The tornadoes kill larger trees; thus, increasing openness of canopy, woody debris, and distance between patches of forest. In the area impacted by tornadoes, habitat for forest-edge species such as field sparrows and brown-headed cowbirds was enhanced; however, impacted forests still support species dependent on dense forested habitats. There is also a biology researcher investigating the possibility that this long range transport process could be responsible for the spread of certain types of small animals and plants across portions of the U.S.
Tornadoes destroy animal habitats, take away their food, or kill them right away, so they either don’t have a place to live, don’t have food, or die. Trees can fall and destroy their home.
3. drought The Davis Mountains suffered through a prolonged and severe drought for eight years. Evidence of this drought could be seen in the Gray Oaks that have turned brown, dropped their leaves and gone dormant due to the drought.
A combination of record-high heat and record- low rainfall caused south and central Texas to the region's deepest drought in a half century in 2009, with $3.6 billion of crop and livestock losses piling up during the nine months. In late April 2009, the USDA designated 70 Texas counties as primary natural-disaster areas because of drought, above-normal temperatures and associated wildfires.
At Lake Travis, a popular boating and fishing spot, officials closed the last of the lake's 12 public boat ramps in 2009 because of the lake's receding waters.
During times of drought, trees and landscape plants often show the effects of the hot, dry weather. The drought of 1999 and 2000 has had an impact on plants in Texas. Not only is drought very harmful to trees, it contributes to extreme conditions for forest and range fires.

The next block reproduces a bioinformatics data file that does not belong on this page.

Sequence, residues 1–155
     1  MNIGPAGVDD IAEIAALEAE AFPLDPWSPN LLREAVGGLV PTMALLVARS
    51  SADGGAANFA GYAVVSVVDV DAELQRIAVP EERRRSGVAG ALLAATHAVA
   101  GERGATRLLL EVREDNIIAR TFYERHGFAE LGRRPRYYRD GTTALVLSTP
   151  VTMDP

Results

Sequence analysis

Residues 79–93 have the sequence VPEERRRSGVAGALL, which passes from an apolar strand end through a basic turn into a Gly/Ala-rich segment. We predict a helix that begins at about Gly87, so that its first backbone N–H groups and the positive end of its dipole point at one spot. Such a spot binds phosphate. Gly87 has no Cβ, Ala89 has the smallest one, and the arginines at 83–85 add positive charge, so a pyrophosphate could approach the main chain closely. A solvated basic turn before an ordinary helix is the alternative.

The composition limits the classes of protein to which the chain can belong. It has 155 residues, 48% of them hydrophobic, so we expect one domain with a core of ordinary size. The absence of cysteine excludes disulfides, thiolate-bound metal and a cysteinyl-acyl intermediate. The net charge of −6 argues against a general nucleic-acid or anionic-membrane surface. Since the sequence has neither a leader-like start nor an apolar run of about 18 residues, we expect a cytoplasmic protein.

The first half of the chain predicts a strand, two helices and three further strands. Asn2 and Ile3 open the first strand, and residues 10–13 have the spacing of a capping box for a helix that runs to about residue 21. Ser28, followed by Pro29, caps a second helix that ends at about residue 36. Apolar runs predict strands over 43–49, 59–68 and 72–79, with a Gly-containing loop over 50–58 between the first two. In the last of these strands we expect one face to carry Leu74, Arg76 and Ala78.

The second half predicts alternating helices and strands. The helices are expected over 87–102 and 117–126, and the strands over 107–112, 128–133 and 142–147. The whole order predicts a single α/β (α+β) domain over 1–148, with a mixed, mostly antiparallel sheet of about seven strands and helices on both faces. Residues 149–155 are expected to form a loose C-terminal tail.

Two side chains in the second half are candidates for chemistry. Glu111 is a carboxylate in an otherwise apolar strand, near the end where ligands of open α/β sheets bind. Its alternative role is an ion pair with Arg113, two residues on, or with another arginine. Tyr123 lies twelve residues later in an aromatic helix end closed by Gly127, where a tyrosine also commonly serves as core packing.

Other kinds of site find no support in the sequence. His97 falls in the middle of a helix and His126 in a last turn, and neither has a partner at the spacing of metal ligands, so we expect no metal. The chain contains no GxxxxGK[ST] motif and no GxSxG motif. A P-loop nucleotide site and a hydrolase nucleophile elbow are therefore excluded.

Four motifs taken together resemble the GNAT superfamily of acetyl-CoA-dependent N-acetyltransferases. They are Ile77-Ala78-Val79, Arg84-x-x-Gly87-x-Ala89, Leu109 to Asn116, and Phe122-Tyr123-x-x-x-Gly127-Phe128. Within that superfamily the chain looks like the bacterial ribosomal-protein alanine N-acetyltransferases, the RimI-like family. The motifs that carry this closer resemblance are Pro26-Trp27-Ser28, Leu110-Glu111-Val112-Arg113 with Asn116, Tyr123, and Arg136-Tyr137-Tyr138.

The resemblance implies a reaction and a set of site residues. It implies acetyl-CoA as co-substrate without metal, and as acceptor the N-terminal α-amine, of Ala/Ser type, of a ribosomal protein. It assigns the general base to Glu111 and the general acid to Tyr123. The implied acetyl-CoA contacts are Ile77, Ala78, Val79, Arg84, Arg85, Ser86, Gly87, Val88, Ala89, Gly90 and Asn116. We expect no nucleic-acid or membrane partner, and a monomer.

Water deficits in trees have an adverse effect on many of the tree's growth processes. Severe water stress will injure trees and may kill them. In addition, stressed trees are more vulnerable to insect and disease pests when compared to a healthy tree. Stressed pine trees may be attacked by pine bark beetles. Immediate effects of drought on hardwood trees are usually obvious, but delayed effects also occur. When unfavorable growth conditions occur, growth for the coming year is often affected.
Drought has a tremendous effect on wildlife populations as the food and water is nonexistent during the time that many species are breeding to provide next year’s crop of youngsters. The losses are not just in big game but affect turkeys, quail, dove and other animals. This goes right up the food chain and we even see losses in the predators as the prey base decreases.
5. Volcanoes There are at least two extinct volcanoes in the Davis mountains of West Texas. There is one extinct volcano in Travis County, southeast of Austin, named "Pilot Knob”. The University Of Texas at El Paso also happens to be sitting on a volcano. Ash deposits from the powerful Yellowstone Caldera eruptions in Yellowstone National Park have been mapped as far away as Iowa, Missouri, Texas, and even northern Mexico.
Between roughly 38 and 32 million years ago Big Bend itself hosted a series of volcanic eruptions. Volcanic activity was not continuous during these eruptive cycles. Periods of hundreds of thousands or perhaps millions of years passed between eruptions. During the quiet interludes the forces of erosion carved new landscapes, many of which were destined to be buried under layers of ash and lava from later eruptions. Life returned to the land only to be displaced by future eruptions
The Davis Mountains, the most extensive mountain range in Texas, were formed by volcanic activity during the Tertiary geologic period, which began around 65 million years ago. The mild climate and volcanic soils support a most biologically diverse selection of mountain plants and animals.